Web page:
The State's Plant Health Committee announced that the state of Colima was promoting the conversion of coconut palms to a variety that produces 20 times more than the original.
The president of this Committee, Martell Martinez, said that the palms that Colima has are very old, even though a palm can produce fruits for some 60 years.
He said the palms that were currently planted yielded 60 to 70 coconuts per year, which in his opinion was a very low production.
The Committee wants producers to reconvert to the Green Dwarf palm variety, as it produces up to 20 times more coconuts than the current trees in the Pacific area.
The idea, he said, is that the states that produce coconut change their crops for different varieties. He also said that producers were being affected by the Black Palm weevil, a plague that affects this crop and reproduces when the crop begins to yield fruits. "They eat all the organic matter of the palm leaving serious damage," he lamented.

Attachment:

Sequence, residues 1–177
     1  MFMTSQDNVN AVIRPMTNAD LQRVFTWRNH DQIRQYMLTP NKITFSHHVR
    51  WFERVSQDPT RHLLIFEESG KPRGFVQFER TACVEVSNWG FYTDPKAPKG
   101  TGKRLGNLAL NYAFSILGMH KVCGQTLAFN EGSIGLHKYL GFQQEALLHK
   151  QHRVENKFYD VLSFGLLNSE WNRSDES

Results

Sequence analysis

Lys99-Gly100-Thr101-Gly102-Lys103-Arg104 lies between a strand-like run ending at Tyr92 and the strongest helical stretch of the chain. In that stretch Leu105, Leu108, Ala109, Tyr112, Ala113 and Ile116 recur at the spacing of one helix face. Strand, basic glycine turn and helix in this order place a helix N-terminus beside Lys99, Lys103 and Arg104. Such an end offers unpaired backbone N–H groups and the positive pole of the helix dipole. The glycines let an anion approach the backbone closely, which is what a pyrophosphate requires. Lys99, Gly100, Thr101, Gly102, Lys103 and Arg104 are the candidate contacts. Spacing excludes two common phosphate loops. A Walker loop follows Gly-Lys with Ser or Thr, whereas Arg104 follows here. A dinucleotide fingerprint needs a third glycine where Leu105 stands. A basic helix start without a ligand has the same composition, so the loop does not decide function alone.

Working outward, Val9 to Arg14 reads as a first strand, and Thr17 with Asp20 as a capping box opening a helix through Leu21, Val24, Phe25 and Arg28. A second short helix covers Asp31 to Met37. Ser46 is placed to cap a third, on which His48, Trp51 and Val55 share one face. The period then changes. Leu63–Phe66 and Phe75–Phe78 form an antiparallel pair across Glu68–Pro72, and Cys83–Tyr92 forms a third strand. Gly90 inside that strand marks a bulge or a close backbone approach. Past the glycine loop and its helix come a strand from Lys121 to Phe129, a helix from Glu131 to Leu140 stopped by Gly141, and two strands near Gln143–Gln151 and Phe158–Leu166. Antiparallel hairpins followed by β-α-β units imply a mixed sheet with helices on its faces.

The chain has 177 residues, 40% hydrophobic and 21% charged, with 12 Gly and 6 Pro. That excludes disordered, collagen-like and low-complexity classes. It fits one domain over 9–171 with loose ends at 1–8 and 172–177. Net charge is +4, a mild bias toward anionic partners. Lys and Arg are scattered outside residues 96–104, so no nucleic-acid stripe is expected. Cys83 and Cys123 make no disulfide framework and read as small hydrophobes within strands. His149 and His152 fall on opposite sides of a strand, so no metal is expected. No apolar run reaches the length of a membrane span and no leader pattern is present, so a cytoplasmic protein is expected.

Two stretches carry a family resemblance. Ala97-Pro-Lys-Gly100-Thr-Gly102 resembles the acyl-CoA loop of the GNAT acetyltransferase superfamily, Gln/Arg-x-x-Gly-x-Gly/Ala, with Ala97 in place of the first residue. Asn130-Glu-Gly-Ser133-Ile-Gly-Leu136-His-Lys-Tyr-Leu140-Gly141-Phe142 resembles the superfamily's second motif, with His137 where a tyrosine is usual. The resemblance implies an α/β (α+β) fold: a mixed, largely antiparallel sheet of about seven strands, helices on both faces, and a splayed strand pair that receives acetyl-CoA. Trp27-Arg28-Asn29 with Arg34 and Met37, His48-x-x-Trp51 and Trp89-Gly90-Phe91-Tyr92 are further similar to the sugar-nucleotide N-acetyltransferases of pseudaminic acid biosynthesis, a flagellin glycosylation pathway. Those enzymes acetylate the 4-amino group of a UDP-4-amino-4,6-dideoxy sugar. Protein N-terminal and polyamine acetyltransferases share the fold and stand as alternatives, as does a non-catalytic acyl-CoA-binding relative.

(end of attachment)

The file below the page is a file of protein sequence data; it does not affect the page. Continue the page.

The president of Cesavecol said they had addressed the issue in Mexico City, where they concluded that, now that they are planning to reconvert the production, they should also address the plague issue to take better advantage of the production.
Colima has 12,000 hectares of coconut cultivated, approximately 5,000 of which have been converted, he added.
Some producers have already imported Brazil's Green Dwarf palm for their nurseries, and other producers have already bought it from them, he said. A plant of this variety takes approximately two years to produce coconuts, while the original plant takes more than four years, he added.
In addition, he said, this variety produces at ground level, where it is easier to harvest the coconuts.
On average, each green dwarf palm is sold at 150 pesos.